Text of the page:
“Broken Brains or a Broken World? What the Mental Health Crisis Reveals and How Christians Can Respond.” Presented by Warren Kinghorn, MD, ThD and Brett McCarty, ThD.
1-hour of continuing education credit available for physicians, dentists, physician assistants and nurse practitioners
Come join us to this invitation only evening with Christian Medical & Dental Associations (CMDA) and Duke Divinity School’s Theology, Medicine and Culture Initiative for a complimentary dinner and discussion on the growing mental health crisis in the United States and how Christian healthcare professionals can and should be well positioned to deal with the social and spiritual dimensions of mental illness.
This is an opportunity for fellowship among regional healthcare professionals and for a deeper understanding of practical steps Christians can take, individually and in community, to respond to the mental health crisis. I pray you will be inspired to play a key role in spiritually caring for your patients’ needs in your community and beyond.
CMDA National Headquarters, 2604 U.S. Hwy 421, Bristol, TN
Warren Kinghorn, MD, ThD, is a psychiatrist whose work centers on the role of religious communities in caring for persons with mental health problems and on the ways in which Christians engage practices of modern healthcare. Jointly appointed within Duke Divinity School and the Department of Psychiatry and Behavioral Sciences of Duke University Medical Center, he is Co-director of the Theology, Medicine, and Culture Initiative and is a staff psychiatrist at the Durham VA Medical Center. He has written on the moral and theological dimensions of combat trauma and moral injury, the moral and political context of psychiatric diagnosis, and the way that St. Thomas Aquinas’ image of the human as a wayfarer might inform contemporary practices of ministry and mental health care.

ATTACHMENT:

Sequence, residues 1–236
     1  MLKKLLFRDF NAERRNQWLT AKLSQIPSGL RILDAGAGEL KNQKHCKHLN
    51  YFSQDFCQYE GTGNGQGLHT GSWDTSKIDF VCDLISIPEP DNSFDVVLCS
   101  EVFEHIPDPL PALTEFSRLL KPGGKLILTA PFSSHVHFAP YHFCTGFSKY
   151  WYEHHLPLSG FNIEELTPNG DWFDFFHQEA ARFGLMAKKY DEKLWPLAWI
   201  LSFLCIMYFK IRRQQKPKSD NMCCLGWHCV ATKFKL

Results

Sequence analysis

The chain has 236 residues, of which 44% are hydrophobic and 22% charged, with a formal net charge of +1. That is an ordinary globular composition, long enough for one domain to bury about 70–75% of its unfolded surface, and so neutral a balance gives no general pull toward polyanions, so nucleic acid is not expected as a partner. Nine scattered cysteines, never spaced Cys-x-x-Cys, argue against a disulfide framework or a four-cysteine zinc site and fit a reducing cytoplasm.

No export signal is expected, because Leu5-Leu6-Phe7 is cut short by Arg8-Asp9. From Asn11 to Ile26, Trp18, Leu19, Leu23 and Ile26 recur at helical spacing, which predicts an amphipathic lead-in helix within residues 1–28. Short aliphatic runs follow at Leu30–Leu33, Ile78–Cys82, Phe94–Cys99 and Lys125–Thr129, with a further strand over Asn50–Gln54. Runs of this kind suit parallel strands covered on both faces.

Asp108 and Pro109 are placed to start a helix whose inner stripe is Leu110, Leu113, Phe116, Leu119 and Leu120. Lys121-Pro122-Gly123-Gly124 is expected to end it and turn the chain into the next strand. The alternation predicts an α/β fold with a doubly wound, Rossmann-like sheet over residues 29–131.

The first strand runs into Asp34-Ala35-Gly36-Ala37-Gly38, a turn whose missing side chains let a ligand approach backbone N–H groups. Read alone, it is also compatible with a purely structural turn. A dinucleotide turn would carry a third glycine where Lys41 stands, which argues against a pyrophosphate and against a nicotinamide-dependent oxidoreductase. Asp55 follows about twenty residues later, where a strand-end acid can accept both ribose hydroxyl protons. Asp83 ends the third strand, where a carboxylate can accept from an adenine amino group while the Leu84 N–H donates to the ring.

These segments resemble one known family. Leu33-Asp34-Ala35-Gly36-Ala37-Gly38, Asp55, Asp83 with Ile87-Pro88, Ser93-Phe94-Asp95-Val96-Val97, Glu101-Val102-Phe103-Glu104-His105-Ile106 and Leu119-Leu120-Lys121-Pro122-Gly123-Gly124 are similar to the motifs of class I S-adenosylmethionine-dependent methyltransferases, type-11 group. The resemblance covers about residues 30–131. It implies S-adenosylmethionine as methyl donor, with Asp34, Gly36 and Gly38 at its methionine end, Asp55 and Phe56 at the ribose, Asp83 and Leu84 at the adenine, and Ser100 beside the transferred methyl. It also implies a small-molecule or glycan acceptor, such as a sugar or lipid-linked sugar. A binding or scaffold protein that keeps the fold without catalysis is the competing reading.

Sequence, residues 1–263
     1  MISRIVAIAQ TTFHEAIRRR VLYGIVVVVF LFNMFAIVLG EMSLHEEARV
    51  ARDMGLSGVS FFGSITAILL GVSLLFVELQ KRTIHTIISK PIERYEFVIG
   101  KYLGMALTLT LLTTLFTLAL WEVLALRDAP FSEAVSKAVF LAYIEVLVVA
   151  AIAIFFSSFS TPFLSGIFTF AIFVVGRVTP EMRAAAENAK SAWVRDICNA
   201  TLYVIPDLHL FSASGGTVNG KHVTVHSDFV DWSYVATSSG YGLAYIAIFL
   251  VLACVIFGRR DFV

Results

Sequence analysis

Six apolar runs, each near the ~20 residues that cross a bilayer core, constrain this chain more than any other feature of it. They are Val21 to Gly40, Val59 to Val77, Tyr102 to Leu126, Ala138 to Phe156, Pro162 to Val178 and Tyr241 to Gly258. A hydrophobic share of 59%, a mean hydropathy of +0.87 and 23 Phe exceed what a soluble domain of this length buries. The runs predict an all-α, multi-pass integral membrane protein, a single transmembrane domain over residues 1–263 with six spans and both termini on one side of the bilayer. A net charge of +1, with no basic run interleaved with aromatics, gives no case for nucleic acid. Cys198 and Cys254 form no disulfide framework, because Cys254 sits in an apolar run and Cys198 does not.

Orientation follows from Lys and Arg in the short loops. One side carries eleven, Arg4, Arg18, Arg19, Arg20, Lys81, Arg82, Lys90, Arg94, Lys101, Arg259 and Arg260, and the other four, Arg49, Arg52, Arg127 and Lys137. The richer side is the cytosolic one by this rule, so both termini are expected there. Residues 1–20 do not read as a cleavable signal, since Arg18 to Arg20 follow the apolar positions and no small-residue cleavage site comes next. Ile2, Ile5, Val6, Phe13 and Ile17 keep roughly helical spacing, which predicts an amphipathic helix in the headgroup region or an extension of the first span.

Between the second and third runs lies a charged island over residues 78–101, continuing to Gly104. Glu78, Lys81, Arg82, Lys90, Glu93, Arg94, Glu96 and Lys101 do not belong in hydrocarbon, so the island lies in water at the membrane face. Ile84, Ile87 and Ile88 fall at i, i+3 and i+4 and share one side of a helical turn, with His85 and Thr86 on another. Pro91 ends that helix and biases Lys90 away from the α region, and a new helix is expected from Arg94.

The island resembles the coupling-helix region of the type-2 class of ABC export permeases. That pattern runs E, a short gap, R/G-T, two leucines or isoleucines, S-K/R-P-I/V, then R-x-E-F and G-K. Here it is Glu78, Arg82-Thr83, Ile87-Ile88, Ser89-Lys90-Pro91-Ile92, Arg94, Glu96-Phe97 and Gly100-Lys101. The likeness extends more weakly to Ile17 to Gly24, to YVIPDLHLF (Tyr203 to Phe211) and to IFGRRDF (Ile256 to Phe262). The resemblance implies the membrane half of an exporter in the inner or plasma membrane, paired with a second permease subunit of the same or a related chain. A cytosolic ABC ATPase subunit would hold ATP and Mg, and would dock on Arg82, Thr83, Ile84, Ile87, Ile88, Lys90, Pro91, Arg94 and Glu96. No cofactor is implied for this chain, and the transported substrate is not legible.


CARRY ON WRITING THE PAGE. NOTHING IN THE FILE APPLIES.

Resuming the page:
Brett McCarty, ThD, is a theological ethicist and qualitative researcher who seeks to address two major public health questions—the opioid crisis and the career sustainability of healthcare practitioners—by researching and implementing collaborations between healthcare systems and religious communities. Jointly appointed within Duke Divinity School and Duke School of Medicine’s Department of Population Health Sciences, he is the Associate Director of the Theology, Medicine, and Culture Initiative. His current research projects focus on religious responses to substance use issues, competing conceptions of agency within the modern hospital, and ways to promote racial justice through inter-professional education programs and translational research with religious communities.
6:00 p.m. – 8:00 p.m.